If you’re around social media long enough, you’ve probably met somebody convinced their smartphone is somehow injuring them. Brain cancer, neck injuries, you name it, it must be the fault of your smartphone. And now we’ve got a new one: Smartphone pinky.
From checking emails to playing Candy Crush, it’s no secret than millennials are addicted to their smartphones. But have you noticed that your fingers are turning ‘Pinky’ lately as you are busy chatting and texting on smartphone? If yes then you are not alone.
“Smartphone pinky” - a perceived bend in the little finger on one’s dominant hand - may occur is people who use the device for at least six hours a day, the Sydney Morning Herald reported.
“Although the chances of a person permanently bending their finger through smartphone use are ‘pretty slim’, it would take a minimum of around six hours a day of an applied force on soft tissue to evoke change,” Dave Parsons, clinical fellow at Curtin University in Australia, was quoted as saying.
The bend is purported to have been caused by the weight of holding a smartphone with one’s smallest finger at its base (while the other fingers support the phone along its longer side).
According to Parsons, smartphone-related injuries are much more likely to occur at the other end of your hand.
“With the size of the face of phones increasing, the thumbs now have to move a greater distance when using the phone,” he noted.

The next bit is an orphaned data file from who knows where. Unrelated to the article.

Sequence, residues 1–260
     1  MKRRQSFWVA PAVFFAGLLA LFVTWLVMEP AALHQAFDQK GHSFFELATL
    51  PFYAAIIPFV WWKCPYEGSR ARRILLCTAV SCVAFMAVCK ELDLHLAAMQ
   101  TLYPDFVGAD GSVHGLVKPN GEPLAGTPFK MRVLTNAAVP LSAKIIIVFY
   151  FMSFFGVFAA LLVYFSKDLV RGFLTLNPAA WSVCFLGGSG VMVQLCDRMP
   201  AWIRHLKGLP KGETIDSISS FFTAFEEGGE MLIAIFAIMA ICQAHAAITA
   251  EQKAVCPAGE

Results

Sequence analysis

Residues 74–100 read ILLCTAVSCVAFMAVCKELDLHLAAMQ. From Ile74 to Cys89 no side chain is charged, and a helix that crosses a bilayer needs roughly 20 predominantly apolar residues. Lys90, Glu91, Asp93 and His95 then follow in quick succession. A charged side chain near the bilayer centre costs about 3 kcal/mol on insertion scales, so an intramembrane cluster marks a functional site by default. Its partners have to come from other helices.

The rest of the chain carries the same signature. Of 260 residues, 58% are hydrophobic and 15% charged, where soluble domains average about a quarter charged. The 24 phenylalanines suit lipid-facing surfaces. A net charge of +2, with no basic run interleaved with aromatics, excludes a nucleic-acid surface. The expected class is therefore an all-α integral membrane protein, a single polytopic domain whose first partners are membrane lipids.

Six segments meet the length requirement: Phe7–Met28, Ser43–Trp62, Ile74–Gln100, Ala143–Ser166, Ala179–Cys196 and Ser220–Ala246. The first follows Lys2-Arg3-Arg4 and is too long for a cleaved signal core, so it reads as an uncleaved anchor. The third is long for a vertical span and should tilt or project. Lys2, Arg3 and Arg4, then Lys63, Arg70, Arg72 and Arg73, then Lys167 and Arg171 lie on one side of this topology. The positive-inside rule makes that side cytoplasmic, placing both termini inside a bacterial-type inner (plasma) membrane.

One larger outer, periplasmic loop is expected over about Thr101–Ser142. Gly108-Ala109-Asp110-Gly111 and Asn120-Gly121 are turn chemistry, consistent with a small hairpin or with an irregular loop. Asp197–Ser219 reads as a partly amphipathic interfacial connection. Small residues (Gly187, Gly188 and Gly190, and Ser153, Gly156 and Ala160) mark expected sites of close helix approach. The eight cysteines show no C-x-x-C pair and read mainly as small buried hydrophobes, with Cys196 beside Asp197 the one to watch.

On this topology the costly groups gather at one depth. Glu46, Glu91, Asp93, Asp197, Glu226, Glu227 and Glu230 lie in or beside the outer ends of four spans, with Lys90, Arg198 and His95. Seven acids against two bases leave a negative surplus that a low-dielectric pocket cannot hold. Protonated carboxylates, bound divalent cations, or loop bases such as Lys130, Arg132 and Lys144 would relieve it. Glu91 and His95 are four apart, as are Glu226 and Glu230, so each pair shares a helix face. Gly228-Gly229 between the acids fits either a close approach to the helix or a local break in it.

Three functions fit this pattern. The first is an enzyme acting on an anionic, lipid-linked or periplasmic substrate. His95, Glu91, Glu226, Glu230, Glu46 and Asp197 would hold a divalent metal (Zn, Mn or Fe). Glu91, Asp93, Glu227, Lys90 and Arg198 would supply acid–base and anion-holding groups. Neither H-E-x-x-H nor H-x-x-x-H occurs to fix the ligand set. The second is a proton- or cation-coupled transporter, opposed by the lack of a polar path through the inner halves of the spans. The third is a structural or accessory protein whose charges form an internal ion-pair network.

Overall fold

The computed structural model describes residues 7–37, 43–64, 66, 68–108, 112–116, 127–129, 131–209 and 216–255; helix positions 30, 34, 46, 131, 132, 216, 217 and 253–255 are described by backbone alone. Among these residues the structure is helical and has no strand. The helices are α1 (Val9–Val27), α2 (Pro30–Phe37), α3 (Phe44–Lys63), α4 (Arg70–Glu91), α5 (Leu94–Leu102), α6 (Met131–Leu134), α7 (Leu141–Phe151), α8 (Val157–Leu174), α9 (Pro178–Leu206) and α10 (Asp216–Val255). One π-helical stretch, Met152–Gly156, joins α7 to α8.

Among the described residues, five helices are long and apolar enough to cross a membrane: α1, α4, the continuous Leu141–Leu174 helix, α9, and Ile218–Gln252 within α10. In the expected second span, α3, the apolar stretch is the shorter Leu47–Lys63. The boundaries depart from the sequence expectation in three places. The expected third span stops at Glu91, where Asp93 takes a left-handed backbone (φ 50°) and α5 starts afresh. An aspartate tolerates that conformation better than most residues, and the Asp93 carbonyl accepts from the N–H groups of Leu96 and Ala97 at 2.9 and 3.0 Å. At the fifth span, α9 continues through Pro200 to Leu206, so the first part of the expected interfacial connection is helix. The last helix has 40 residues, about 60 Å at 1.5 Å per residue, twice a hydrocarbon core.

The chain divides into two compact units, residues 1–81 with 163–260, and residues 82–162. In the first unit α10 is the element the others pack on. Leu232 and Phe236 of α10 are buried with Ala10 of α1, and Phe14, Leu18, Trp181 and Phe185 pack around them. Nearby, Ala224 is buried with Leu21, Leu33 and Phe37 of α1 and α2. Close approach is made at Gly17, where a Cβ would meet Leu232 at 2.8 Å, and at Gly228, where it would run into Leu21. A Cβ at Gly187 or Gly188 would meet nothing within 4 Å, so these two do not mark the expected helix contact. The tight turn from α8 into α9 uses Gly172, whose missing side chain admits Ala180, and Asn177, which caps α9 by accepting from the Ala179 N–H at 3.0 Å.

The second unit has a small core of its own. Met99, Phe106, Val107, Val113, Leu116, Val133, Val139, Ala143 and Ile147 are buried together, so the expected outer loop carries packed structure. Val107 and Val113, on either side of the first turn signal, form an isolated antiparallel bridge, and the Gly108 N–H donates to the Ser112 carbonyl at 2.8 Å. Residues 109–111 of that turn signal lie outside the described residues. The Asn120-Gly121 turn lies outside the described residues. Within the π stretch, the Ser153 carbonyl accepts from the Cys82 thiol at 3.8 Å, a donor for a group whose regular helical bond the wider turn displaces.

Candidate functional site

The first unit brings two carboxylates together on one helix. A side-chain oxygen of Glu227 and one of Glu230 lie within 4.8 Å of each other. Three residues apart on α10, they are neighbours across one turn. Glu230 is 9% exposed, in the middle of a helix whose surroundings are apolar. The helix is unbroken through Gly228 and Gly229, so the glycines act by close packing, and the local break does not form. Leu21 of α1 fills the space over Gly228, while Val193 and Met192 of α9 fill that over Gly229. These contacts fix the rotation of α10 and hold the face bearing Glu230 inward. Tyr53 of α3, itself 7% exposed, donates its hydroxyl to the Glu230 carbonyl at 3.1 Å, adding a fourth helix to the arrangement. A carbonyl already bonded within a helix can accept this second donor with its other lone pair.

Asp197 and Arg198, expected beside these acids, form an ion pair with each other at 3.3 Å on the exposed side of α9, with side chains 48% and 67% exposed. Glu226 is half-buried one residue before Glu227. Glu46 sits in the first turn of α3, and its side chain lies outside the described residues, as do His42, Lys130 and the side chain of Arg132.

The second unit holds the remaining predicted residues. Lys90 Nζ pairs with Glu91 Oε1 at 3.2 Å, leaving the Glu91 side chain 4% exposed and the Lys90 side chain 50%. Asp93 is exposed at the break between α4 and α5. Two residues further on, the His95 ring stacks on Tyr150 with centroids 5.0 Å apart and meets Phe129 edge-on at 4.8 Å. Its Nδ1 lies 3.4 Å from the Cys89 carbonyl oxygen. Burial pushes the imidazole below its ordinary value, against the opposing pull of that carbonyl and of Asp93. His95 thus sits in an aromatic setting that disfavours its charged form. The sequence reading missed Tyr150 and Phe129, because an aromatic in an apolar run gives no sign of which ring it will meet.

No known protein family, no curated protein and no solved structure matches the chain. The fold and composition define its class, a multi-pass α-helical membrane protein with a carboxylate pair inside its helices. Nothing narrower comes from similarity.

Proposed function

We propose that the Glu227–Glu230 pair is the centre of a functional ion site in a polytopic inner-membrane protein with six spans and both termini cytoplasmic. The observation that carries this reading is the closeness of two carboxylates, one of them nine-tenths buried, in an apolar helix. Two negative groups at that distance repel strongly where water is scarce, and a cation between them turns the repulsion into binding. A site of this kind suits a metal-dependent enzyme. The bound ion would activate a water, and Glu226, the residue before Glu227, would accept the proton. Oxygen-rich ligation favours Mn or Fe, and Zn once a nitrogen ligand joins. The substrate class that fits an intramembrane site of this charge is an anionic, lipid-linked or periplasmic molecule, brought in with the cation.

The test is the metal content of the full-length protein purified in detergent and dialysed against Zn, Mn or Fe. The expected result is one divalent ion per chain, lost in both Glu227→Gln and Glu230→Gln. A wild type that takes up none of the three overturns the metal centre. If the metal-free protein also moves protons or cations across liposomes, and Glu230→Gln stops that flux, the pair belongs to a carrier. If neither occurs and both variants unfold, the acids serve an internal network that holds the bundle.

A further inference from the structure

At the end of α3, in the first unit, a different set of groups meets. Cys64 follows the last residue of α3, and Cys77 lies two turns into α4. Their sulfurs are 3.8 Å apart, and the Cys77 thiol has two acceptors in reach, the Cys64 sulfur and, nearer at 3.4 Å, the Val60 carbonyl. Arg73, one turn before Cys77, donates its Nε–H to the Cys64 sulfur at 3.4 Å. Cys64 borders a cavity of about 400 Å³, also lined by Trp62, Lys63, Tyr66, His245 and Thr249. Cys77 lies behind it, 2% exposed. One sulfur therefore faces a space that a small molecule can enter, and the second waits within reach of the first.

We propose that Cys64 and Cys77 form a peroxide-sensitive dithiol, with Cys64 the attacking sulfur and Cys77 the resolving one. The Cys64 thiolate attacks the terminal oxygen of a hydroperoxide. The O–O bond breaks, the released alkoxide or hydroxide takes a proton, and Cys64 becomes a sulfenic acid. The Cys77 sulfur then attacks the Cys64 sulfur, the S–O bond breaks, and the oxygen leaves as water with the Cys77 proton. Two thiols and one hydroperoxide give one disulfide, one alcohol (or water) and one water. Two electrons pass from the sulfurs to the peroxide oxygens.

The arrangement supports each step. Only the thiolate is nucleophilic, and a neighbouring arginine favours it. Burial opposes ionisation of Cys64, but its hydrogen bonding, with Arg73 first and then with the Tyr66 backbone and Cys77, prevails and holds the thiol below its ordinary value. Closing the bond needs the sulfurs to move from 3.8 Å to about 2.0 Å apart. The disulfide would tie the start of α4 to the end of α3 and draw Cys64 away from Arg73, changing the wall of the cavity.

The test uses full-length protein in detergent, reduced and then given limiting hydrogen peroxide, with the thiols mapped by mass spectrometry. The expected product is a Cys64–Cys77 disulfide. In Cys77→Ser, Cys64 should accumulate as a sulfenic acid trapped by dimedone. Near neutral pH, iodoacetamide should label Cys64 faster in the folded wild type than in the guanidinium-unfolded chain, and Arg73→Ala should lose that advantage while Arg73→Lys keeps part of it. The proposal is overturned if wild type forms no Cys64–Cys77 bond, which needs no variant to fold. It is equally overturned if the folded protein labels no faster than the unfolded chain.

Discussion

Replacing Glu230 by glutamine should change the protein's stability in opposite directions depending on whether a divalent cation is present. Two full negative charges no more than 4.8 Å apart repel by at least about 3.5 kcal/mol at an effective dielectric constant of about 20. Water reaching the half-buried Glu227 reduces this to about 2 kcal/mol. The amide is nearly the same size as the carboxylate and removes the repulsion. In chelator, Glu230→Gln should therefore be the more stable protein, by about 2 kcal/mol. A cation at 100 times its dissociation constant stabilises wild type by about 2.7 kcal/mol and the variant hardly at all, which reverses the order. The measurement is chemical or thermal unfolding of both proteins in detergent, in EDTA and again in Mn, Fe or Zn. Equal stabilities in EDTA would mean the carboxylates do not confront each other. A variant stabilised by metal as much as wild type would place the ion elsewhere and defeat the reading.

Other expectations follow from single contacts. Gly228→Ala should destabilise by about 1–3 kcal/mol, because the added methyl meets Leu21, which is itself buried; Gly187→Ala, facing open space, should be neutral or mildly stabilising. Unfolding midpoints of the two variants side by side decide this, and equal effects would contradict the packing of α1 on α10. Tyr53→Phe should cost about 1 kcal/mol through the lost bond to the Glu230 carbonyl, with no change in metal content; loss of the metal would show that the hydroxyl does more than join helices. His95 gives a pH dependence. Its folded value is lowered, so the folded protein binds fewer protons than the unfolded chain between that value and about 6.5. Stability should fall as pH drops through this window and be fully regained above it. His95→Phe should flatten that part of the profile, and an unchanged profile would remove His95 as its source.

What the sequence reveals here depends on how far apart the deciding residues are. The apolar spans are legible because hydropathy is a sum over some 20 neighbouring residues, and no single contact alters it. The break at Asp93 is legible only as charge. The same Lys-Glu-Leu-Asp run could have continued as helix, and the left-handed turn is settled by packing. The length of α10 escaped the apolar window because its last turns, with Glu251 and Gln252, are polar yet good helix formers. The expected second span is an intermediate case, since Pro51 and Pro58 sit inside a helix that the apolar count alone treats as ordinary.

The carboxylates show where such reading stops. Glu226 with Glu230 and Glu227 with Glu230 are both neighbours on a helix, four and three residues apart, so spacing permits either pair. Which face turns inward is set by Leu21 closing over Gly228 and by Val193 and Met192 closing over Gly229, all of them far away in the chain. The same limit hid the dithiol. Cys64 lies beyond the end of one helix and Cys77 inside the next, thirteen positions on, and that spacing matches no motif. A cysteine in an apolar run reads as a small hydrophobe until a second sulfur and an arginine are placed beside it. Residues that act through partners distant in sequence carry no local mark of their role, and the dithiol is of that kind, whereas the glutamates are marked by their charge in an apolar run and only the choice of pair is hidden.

My pinky 😢 the after effect of using smartphone too much pic.twitter.com/vVMTVooxQI— (つㅎ┏_┓ㅎ)つRedisTVXQ (@yuka5470) December 17, 2015
Smartphone pinky is real pic.twitter.com/TN5gmg0uJd— Nikki Blunier (@nikkiblunier) December 13, 2015
Does anyone else have smartphone pinky pic.twitter.com/elj8CSAyeW— sunny (@sunnychahal2) September 2, 2015
In other news......my smartphone is deforming my pinky pic.twitter.com/tkSqFDCea4— Dolapo™ (@DolapoAlade) April 16, 2015
The easiest way to prevent injury when using a smartphone is to avoid long, sustained periods of use.
A recent report in the prestigious medical journal, The Lancet, said that “WhatsAppitis” is a credible disease, after a doctor in Spain diagnosed a 34-year-old female patient with bilateral wrist pain induced by excessive use of ‘WhatsApp’.
“She held her mobile phone for at least six hours and continuously used both thumbs to send messages to relatives and friends,” Spanish physician Ines M Fernandez-Guerrero wrote in the journal.
The next morning, that woman woke up with aching wrists.
“The diagnosis for the bilateral wrist pain was ‘WhatsAppitis’,” Fernandez-Guerrero added.
He treated the woman with non-steroidal, anti-inflammatory drugs and asked her to completely avoid using the cell phone to send messages.
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